Geeks2U Promise
We guarantee you'll love our fast, friendly service - or we'll refund your money.  
133,572 Happy Customers & Counting
Need tech support?
1300 769 448
Extended hours, 7 days a week
Home  /  geekspeak  /  Meerkat and Periscope make us all TV journalists

Meerkat and Periscope make us all TV journalists

The image of a TV news reporter is one that you’re probably quite familiar with. It’s almost a cliche; someone at the scene of something newsworthy, shouting into a microphone either for a direct news report or a live cross. Live TV news has put us directly in the scene of major disasters, helped to keep us informed, intermittently bored us when they’ve been filling time waiting for something to happen and provided endless bloopers you can look up on YouTube to fill time. Being news, not all the bloopers are entirely family-friendly, but that’s the essence of live broadcasting, because anything can happen, and Murphy’s well-known law often intervenes.

But what if you could be a one-person TV news reporter yourself?

It’s not that fanciful an idea when you think about what goes into providing a live stream of anything newsworthy, because the odds are very high that you’ve got everything you need in your pocket right now. The power of modern smartphones and high speed mobile networks means that, while you may not have the polish of a seasoned news reporter, there’s little stopping you from streaming whatever you’re doing to the whole world if the mood suits you.

Which is fine, but the other factor that most news bulletins have is an inbuilt audience. Viewers are accustomed to tuning into news at a specific time, or switching to a dedicated news channel, or even reading a news-centric website suited around whatever their interests might be.

That’s where the power of social media and two relatively new apps come into play, because they allow you to not only broadcast to as wide an audience as you’d like, but also to announce your broadcast to your social network, making it easy to build or grow an audience. These aren’t entirely new concepts again, but the recent launch of Meerkat and Twitter Periscope, both iOS apps only at the time of writing seems to have captured the popular imagination.

Both apps work in essentially the same way, built around the Twitter social network. Periscope is the slight newcomer, but as the name might suggest, it’s an actual product of Twitter itself, whereas Meerkat works from an external company. Both allow you to link in an existing Twitter account, announce a broadcast and then start broadcasting whatever’s in front of your iOS device at the time, whether it’s newsworthy content of major importance, or just something interesting happening nearby. From within either app you can see who’s actually watching your live stream, and even watch their Twitter-based interactions around your stream. Meerkat allows you to save your livestream when you’re done to your iOS device, whereas Twitter Periscope offers either device based saves or online saves, so others can watch concluded streams after the event. There’s some obvious benefits in either approach depending on whether you want to share to a wide audience that may rewatch and retweet your stream, or keep your stream private apart from those who “tuned in” to watch it live.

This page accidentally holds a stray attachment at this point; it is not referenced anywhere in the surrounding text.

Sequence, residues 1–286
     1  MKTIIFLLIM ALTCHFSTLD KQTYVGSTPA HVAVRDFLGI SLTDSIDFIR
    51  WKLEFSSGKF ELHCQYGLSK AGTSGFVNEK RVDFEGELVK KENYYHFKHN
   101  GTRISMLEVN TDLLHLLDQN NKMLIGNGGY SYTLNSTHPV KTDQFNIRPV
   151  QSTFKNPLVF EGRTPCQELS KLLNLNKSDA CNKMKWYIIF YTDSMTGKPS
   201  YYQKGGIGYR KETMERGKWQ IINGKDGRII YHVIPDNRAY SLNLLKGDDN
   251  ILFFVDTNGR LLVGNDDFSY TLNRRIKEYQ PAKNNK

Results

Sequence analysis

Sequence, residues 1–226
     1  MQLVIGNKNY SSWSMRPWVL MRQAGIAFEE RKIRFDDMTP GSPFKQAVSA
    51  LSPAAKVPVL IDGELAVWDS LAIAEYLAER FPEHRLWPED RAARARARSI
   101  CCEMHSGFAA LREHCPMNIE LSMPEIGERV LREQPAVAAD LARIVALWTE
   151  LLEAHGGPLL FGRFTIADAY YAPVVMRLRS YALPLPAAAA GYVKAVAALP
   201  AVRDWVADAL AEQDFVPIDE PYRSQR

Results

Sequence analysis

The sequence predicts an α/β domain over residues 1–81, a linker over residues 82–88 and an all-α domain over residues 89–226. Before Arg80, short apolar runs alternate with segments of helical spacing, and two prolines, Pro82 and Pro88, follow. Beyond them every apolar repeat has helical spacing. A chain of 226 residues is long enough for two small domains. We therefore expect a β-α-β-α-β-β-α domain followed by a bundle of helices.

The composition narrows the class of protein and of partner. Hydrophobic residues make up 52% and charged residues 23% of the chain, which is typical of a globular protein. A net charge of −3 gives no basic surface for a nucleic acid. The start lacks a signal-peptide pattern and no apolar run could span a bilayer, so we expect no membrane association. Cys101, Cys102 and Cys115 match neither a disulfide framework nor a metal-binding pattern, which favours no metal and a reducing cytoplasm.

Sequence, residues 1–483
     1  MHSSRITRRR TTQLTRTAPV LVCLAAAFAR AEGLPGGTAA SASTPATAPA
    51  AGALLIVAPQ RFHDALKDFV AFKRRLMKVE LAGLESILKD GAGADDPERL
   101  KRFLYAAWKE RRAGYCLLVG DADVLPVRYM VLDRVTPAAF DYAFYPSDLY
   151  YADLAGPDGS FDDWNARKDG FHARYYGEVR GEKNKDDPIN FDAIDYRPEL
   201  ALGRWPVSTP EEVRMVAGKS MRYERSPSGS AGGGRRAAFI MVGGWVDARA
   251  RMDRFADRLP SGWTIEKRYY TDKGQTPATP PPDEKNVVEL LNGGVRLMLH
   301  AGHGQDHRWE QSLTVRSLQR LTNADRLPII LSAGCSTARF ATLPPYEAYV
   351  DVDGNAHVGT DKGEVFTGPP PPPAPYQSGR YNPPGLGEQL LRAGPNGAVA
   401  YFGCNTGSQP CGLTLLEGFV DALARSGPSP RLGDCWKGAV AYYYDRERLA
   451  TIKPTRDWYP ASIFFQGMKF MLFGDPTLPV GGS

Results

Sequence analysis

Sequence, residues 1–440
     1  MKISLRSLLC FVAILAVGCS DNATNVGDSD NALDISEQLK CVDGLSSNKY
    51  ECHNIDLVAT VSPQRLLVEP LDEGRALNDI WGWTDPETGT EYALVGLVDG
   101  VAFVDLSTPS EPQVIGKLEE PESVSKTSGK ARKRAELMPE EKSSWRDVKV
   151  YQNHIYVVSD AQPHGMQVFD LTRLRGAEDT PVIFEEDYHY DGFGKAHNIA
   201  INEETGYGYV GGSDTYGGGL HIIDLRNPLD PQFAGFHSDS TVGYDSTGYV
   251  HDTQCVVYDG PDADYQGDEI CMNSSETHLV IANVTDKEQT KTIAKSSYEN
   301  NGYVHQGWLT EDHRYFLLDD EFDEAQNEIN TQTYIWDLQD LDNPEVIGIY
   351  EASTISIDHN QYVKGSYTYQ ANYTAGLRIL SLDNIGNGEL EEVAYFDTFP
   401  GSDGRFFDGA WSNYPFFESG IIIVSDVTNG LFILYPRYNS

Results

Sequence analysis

Will self-produced video broadcasts become the new selfies? I have my doubts. For a start, to get a decent video stream up and running you need a decent upstream rate, and for a lot of Australians that’s just not a factor at all. You can broadcast from mobile networks, and that can work quite well because most of those feature quite high upstream potential over 4G LTE, but then you hit the issue of cost prohibitive mobile data costs. Still, if you do find yourself (safely) near the next big news story, the potential is only an app away.

Share

Recent News

Popular social media destination Facebook made worldwide headlines recently, and not for the kinds of reasons that Facebook might want to be noticed. That’s because for a roughly 12 hour period, access not just to Facebook, but also Instagram and Whatsapp — all services owned and operated by Facebook — consumers worldwide had issues connecting… More 

There’s a well-known test that taxi drivers in London have to sit, called “The Knowledge”, that can take years to pass, detailing just about every street in the UK’s very disorganised capital road system. It’s tough learning that many roads, although it may have side benefits, with some studies suggesting that London black cab drivers… More 

Not that long ago, Apple surprised everyone by updating its line of Mac Mini computers. The Mac Mini isn’t like any other Mac that Apple sells. Where much of its output is in laptops, or the 2-in-1 style iMac computers, the Mac Mini is instead a “headless” computer — a fancy way of saying that… More 

There’s been a lot of speculation around foldable phones in the past 12 months, fuelled by the hype from the manufacturers busy producing devices that can fold from phone to tablet and back again — or even crazier concepts, like phones that become slap bands when you place them around your wrist. That latter idea… More